The Transportation Control Number (TCN) has many uses in the defense supply chain and is ultimately how the Defense Transportation System tracks items that process through it.  It differs from Radio Frequency Identification (RFID) which is a more recent initiative with different characteristics.   Each has their own advantages, and they can work in concert with but independently of each other.   Identifying the contents of a container by RFID requires access to the DSS database, while the TCN only requires access to the requisitions that a defense activity has placed.

For shipments of items that are made against requisitions of a single contract line item the TCN is generally comprised of the Requisition Number (REQN), with three additional characters to allow for differentiation of containers.  This is important because otherwise automated identification systems that scan containers would not know if they had read multiple containers with a particular TCN or the same TCN multiple times.

Piece Number

The Military Shipment Label (MSL) solves this problem by adding a barcoded Piece Number, which is defined by Mil-Std-129 to be the numeric value assigned to a piece (container) documented by a TCN.  When read together, the TCN and Piece Number uniquely identify each container.   The Piece Number barcode actually includes the number of pieces, information that incremented TCNs lack.  This allows one to know when all the containers of a shipment have been received.

Incremented TCN

The other approach for differentiating between multiple containers with the same MILSTRIP/Requisition Number is the addition of the three characters which follow it, that are “XXX” by default.   These three characters, in order, are:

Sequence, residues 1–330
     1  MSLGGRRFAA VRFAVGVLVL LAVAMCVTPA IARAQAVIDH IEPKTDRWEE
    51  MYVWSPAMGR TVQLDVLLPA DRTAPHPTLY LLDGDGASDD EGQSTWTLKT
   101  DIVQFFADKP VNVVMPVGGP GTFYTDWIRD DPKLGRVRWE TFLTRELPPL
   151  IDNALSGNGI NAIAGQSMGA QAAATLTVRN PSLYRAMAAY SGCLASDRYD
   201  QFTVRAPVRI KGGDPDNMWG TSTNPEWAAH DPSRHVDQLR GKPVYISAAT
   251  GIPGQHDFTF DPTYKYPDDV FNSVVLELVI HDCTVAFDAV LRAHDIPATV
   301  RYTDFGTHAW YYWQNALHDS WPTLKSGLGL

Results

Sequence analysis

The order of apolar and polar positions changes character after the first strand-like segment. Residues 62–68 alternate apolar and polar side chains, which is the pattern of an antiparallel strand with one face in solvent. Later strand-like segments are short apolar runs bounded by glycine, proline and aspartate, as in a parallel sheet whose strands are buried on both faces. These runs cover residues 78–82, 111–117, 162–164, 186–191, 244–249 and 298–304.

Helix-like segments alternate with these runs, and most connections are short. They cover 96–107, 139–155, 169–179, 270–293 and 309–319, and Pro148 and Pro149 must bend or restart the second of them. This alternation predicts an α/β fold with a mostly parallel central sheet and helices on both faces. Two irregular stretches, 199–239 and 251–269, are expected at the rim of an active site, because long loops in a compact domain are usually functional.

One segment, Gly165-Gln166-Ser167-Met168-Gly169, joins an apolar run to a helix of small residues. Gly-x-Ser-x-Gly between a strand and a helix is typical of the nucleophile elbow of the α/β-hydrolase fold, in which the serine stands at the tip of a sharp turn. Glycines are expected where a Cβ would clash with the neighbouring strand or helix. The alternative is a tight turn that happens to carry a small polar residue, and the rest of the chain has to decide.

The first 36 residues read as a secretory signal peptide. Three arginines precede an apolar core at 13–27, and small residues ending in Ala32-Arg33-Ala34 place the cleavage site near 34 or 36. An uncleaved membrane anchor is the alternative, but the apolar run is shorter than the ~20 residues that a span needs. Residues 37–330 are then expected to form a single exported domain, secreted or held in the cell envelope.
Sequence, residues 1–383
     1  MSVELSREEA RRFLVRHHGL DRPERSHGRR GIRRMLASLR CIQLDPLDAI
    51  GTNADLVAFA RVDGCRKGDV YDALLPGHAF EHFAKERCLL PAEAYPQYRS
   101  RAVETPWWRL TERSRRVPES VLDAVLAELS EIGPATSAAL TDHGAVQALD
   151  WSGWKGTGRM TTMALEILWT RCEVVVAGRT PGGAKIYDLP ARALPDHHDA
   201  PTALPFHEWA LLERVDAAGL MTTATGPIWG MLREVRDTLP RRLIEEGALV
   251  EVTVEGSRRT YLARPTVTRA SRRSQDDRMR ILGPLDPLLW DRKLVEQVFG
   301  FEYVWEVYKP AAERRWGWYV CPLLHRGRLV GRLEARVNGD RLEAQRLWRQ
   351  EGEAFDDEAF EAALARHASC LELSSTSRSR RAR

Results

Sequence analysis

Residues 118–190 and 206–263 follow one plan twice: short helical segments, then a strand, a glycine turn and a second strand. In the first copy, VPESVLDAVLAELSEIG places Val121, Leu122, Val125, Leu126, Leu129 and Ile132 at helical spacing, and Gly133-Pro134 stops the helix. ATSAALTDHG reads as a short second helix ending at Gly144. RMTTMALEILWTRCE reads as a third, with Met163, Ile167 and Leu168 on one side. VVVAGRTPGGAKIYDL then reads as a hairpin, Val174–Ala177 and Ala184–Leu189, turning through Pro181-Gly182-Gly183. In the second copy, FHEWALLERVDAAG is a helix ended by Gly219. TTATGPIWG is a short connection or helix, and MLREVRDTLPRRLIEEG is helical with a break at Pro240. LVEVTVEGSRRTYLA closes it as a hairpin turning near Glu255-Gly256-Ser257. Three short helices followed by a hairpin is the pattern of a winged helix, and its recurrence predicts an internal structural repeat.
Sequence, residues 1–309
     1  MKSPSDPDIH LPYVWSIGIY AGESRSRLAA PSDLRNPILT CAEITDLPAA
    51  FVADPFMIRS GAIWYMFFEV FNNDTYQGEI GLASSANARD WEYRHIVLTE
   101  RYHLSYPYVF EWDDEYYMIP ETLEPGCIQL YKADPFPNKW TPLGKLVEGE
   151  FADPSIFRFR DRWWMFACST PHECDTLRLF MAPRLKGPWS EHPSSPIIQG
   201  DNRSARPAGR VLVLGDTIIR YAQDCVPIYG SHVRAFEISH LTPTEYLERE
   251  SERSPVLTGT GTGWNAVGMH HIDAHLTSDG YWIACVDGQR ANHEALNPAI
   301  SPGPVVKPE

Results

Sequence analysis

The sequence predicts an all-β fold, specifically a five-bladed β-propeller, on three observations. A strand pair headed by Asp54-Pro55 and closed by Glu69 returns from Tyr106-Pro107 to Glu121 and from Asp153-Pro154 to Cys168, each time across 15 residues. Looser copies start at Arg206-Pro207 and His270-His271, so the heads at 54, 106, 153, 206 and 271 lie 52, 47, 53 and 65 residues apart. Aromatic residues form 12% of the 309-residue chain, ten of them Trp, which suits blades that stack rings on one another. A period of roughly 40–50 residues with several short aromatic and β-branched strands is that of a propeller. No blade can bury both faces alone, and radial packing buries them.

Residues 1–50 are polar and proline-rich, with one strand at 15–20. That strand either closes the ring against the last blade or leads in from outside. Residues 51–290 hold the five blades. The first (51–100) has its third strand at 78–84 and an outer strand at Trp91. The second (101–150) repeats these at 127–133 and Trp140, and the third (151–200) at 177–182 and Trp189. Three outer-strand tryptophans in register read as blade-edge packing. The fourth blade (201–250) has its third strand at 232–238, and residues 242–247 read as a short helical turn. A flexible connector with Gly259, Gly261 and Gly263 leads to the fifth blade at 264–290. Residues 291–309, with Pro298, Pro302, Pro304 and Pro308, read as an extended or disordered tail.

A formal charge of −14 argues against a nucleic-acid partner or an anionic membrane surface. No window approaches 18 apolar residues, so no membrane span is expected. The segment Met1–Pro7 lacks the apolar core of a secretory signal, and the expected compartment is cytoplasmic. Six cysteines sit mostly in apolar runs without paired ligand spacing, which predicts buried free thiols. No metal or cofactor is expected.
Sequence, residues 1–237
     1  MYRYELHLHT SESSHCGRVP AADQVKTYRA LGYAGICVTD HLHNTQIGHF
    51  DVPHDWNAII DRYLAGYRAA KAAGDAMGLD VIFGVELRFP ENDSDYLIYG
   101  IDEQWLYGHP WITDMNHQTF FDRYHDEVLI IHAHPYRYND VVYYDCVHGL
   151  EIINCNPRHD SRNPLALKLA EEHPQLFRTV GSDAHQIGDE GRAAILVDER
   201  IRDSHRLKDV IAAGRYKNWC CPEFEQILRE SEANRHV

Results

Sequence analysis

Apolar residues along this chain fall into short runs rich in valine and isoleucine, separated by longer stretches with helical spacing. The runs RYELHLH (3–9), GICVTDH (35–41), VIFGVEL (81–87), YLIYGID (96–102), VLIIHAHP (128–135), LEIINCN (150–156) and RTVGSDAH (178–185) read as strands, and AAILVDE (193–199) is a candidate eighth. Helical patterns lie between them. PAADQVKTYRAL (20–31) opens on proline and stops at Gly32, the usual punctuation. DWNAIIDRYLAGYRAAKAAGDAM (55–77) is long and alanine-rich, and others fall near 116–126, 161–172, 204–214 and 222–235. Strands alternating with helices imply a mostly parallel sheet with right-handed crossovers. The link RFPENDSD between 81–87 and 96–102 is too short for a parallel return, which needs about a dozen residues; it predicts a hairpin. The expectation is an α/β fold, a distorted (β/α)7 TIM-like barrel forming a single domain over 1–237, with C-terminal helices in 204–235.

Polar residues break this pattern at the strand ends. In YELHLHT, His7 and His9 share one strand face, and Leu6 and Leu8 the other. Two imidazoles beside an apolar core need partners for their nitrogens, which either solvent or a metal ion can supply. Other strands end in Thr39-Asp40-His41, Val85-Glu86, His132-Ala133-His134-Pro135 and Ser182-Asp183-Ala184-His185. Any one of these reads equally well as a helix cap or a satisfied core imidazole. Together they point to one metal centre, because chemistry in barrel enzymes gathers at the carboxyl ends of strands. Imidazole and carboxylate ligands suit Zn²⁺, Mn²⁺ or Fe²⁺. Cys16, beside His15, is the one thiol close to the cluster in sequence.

• MILSTRIP suffix code, which if none is “X”, actually identifies a different order not a container within the same shipment.
  • Partial Shipment Code – which is “X” when the “entire shipment unit (is) moved together”, and “A” for the first increment of a partial or split shipment, “B” for the next, and so on.
  • Split Shipment Code – which is always “X” for parties originating the shipment.  Transshipment companies use this TCN position to indicate when they split a shipment.

Incrementing TCN versus Piece Number

One must dig pretty deep into the Defense Transportation Regulations (DTR-Part II, Chapter 208 and Appendix L) to get a sense of when to increment the TCN versus the Piece Number within a TCN.  But it boils down to whether a shipment is split between multiple conveyances.  When it is, the TCN should be incremented, otherwise the Piece Number is.

Shipping multiple containers via a small parcel service (UPS, Fed Ex, etc) is open to interpretation.  Technically speaking, it depends on how one defines “conveyance”.   The most important factor is preventing containers from being confused or over counted.  Both systems protect against that, while using piece numbers has an added advantage of informing the recipient of the number of containers to expect in the shipment.  That is because the Piece barcode actual says Piece-of-Total, e.g. “7of12” while the incremented TCN is just a counter.

Creating a TCN

In situations where a TCN is not provided by the Government, the contractor will need to create one consistent with the Defense Transportation Regulations (DTR Part II, Appendix L) for use on a Military Shipment Label.   Create a TCN by following these rules:

  1. Start with ‘X’ followed by the shipping activities CAGE code.  The ‘X’ differentiates that the address code is not a DODAAC.
  2. Enter the last digit of the calendar year and the day or the Julian date of the year the TCN is assigned.
  3. Enter the TCN serial number, by starting with an ‘A’ and then a zero-filled counter of the number of shipments made by the shipper that day, such as ‘001’.   The ‘A’ may be replaced by other alphabetic characters, allowing for 26,000 shipments per day.
  4. Follow up with ‘XXX’

The result will be a 17-characters, such as, X1HLD98015A023XXX, which would identify a container as part of the 23rd shipment made by CAGE 1HLD9 on January 15 of the most recent year ending in ‘8’.

Combining Incremented TCNs and Piece Numbers

For shipments that must be shipped on more than one truckload, or over multiple days, the shipper must use incremented TCNs as described above.   However, for each piece within that shipment, the Piece Number would be incremented, starting from one for each increment of the TCN.   Fortunately, for shipments this complicated DLA’s Vendor Shipment Module is likely to be assigning the TCNs.